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Our views 02 June 2023

Reducing bail-in risk with money market funds

5 min read

Recent bank turmoil and bank deposits

The recent collapse of Silicon Valley and Credit Suisse failure sparked turmoil in the banking sector, and uncertainly over bank solvency and the security of bank deposits. The speed at which Silicon Valley deteriorated to the point of collapse highlighted how quickly bank runs can occur, and how quickly banks can find themselves in severe difficulty.

In the UK, the Financial Services Compensation Scheme (FSCS) insures deposits up to £85,000 per individual. In the event that a financial institution gets into difficulty, deposits above this amount would mean bail-in rules override the FSCS and those uninsured deposits would be eligible in providing financial relief to a failing institution.

Rationale and objectives of bail in

The purpose of a ‘bail-in’ is to rescue a failing bank. The 2008 global financial crisis showed that some banks could not be unwound under a conventional liquidation process without a substantial and adverse effect on the economy. As such they were bailed out by the UK government who were forced to provide billions of pounds in support which subsequently prompted the bank liability structure to come under scrutiny, and new legislation to be passed. Whilst bail-in ensures financial stability, it forces creditors to bear the cost of recapitalisation should the institution find themselves in financial difficulty, which will undoubtedly lead to investor uncertainty and unease.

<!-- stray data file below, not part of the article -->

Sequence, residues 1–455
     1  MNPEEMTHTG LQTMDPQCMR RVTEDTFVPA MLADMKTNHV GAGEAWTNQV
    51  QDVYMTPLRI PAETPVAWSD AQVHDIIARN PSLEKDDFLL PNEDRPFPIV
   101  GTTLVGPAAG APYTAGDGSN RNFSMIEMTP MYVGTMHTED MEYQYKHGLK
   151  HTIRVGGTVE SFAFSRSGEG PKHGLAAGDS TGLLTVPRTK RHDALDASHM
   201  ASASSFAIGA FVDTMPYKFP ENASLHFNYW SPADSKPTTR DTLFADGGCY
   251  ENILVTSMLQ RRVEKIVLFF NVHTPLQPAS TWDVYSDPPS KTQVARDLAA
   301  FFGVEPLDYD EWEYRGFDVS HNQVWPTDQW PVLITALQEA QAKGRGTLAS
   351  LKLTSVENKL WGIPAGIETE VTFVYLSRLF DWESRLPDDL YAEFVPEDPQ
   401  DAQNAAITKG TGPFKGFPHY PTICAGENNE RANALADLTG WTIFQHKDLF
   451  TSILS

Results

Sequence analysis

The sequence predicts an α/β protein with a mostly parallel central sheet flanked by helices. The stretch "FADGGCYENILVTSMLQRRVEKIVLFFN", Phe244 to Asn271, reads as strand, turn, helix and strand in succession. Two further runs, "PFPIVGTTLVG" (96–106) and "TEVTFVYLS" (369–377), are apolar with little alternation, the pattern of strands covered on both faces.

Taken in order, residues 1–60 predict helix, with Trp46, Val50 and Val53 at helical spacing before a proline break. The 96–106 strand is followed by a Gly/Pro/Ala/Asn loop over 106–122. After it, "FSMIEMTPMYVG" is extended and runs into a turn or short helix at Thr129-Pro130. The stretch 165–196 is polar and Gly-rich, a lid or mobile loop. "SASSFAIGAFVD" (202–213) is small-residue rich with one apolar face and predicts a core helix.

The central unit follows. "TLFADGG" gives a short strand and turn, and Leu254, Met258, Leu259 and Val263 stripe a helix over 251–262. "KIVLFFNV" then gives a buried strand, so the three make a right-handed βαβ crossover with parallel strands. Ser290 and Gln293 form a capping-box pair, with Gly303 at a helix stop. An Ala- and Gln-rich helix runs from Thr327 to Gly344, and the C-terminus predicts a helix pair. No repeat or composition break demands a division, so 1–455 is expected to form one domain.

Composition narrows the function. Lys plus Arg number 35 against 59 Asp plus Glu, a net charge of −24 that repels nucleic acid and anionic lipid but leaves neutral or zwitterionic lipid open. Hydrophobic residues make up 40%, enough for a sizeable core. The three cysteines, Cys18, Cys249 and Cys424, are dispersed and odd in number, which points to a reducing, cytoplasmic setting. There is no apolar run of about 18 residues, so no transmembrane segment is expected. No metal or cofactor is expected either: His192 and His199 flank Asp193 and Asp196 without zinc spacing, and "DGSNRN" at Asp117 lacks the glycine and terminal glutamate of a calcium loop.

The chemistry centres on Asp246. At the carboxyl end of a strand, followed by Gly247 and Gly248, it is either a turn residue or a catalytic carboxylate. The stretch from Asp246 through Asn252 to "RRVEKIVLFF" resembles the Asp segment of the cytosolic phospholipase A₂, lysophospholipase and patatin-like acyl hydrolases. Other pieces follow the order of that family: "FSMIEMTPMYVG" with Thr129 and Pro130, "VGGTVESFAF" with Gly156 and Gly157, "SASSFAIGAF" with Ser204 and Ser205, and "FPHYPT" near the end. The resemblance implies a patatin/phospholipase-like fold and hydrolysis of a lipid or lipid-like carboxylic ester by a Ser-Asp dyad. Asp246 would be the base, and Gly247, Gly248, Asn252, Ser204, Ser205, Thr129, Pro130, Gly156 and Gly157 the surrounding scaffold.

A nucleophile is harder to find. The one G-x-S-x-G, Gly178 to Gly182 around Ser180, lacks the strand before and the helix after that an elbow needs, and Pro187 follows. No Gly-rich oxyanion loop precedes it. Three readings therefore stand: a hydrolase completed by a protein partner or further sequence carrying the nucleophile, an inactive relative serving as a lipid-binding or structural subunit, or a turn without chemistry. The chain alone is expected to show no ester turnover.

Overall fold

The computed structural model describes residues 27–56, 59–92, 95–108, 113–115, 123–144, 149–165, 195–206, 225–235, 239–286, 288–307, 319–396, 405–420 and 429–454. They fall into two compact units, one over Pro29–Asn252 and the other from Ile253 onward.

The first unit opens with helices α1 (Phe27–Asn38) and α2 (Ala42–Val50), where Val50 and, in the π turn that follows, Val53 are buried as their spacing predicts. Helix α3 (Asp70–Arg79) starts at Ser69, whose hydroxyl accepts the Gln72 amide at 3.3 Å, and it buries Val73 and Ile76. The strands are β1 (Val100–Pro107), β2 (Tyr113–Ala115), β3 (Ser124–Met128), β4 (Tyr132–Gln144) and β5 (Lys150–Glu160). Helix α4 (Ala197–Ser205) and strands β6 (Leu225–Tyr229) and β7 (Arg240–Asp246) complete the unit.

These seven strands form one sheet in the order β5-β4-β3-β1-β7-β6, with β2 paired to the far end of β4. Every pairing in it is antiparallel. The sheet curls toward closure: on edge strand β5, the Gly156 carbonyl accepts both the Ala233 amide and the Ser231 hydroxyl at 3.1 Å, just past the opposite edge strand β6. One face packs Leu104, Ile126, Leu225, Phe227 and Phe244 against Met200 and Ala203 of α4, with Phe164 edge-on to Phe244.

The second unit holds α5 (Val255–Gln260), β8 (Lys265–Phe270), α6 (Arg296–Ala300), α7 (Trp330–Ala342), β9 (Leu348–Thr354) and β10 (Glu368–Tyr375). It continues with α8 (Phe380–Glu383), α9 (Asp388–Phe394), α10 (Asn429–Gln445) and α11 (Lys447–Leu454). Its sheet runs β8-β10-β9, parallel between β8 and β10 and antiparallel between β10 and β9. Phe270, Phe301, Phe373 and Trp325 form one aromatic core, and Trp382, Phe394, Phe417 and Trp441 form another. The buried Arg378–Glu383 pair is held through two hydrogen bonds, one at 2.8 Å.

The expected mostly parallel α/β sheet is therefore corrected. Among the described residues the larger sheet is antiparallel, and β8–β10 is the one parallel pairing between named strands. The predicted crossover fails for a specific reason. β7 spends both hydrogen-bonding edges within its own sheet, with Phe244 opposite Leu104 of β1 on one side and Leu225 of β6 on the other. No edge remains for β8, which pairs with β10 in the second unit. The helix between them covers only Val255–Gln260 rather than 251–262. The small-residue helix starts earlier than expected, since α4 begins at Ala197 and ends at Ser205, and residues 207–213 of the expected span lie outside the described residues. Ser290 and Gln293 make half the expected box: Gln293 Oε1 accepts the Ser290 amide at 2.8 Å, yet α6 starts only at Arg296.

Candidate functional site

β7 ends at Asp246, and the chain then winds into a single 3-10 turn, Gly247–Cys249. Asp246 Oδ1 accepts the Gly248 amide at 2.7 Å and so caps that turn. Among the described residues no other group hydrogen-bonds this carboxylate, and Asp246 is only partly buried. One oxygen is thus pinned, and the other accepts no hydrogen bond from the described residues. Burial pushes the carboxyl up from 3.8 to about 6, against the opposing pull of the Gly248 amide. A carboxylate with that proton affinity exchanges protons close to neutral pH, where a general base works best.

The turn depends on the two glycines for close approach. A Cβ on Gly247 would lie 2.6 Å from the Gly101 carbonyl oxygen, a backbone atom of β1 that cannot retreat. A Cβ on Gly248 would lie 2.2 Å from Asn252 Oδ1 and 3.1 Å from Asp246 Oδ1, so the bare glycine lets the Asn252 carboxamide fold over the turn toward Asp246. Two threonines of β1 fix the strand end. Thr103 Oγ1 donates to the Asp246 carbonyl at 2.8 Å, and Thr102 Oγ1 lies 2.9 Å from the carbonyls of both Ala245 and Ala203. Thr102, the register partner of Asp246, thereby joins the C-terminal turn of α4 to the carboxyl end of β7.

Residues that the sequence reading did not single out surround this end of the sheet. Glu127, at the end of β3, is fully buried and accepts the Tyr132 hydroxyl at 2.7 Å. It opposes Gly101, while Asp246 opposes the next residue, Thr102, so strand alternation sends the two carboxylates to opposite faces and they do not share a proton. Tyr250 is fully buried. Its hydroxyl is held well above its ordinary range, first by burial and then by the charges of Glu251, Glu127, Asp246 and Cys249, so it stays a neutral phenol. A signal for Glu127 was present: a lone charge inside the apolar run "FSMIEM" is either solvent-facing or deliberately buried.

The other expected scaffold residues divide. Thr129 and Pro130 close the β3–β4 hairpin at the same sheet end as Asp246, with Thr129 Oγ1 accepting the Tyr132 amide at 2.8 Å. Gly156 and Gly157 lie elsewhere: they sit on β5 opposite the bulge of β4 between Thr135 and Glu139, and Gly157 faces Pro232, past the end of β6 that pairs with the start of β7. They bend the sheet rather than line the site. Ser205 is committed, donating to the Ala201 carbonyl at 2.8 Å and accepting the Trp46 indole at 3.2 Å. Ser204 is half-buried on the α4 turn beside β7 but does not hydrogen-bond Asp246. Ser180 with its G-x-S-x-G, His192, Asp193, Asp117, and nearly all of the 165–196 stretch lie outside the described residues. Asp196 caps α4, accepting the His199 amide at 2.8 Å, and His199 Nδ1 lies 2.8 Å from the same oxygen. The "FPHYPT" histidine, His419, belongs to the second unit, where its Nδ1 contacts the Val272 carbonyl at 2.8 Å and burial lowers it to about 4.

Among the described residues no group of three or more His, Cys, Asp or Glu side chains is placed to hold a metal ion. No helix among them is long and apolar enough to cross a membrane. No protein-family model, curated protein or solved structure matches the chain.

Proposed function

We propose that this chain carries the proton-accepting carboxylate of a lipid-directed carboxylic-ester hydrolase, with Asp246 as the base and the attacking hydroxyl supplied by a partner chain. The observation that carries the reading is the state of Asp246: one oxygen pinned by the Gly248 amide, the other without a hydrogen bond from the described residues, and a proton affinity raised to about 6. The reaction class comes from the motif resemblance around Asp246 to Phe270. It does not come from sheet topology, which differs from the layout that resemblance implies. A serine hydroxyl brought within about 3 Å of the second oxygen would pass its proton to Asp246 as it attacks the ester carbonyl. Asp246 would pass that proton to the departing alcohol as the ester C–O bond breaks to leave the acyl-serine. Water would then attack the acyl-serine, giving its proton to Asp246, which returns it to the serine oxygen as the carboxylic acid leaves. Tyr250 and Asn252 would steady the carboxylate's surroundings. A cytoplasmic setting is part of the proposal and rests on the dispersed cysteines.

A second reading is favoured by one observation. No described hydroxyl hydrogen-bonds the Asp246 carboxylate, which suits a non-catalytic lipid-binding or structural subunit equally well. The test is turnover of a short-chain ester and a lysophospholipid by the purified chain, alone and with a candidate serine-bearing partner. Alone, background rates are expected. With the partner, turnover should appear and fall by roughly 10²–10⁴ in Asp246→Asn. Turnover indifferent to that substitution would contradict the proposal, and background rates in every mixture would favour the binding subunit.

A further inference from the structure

The Creditor Hierachy

Bail-in would be applied in accordance with the insolvency creditor hierarchy which sets out the order in which creditors and depositors would receive reclamation should a bank become insolvent. There are exemptions however: Covered bonds, government debt, mortgage-backed securities and Canadian debt with a maturity of less than 400 days are all exempt from bail-in.

Graph shows the creditor hierachy model

Source: RLAM.

Money market funds vs Fixed bank deposits

Cash investors often balance the need for capital preservation, liquidity and yield. However, it is more often the case that not all of those goals can be achieved at any one time. Money market funds offer liquidity and diversification of high-quality assets. They invest not only in bank deposits and money market instruments, but also in longer duration assets offering higher yields.

Due to a money market fund’s short duration, the yield should keep pace with rising rates as proceeds from maturing assets can be reinvested in higher yielding assets. By contrast, rates on fixed deposits are determined by the bank itself and will depend on its balance sheet and funding requirements at the time of issue. Depositors are exposed to a single bank’s creditworthiness which represents a sustained risk throughout the life of the deposit. Fixed deposits do not offer the same liquidity that money market funds offer, and the bank may impose penalties should an investor wish to redeem their funds prior to maturity.

Recent events have highlighted the risks associated with single bank deposits and how quickly contagion risk can spread. Whilst bank failures and bail-ins are not an everyday occurrence, they are a consideration which needs to be made by cash investors who are considering a single bank deposit against a money market fund.

Our most liquid strategies invest predominantly in traditional money market instruments, with typically a little over half of their assets eligible for bail-in. Our short-term fixed income strategies for investors with a slightly longer investment horizon include a range of short-term credit instruments, but our use of and bias towards covered bonds means that these strategies usually have a slightly lower weighting, with around half of these typically invested in bail-inable assets.


This is a financial promotion and is not investment advice. Past performance is not a guide to future performance. The value of investments and any income from them may go down as well as up and is not guaranteed. Investors may not get back the amount invested. Portfolio characteristics and holdings are subject to change without notice. The views expressed are those of the author at the date of publication unless otherwise indicated, which are subject to change, and is not investment advice.